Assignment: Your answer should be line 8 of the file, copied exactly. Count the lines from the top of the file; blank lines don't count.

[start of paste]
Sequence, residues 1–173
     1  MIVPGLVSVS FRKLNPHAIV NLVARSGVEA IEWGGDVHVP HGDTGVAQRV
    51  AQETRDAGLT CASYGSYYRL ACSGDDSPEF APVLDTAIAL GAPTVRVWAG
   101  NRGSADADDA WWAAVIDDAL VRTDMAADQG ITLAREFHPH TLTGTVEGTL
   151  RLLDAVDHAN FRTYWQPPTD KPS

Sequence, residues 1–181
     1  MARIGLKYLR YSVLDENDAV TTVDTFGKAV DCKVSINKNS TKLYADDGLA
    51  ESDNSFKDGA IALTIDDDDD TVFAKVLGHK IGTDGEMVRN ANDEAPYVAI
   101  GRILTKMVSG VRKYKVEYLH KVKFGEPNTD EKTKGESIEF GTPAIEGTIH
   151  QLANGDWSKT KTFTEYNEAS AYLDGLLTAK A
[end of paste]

    51  ESDNSFKDGA IALTIDDDDD TVFAKVLGHK IGTDGEMVRN ANDEAPYVAI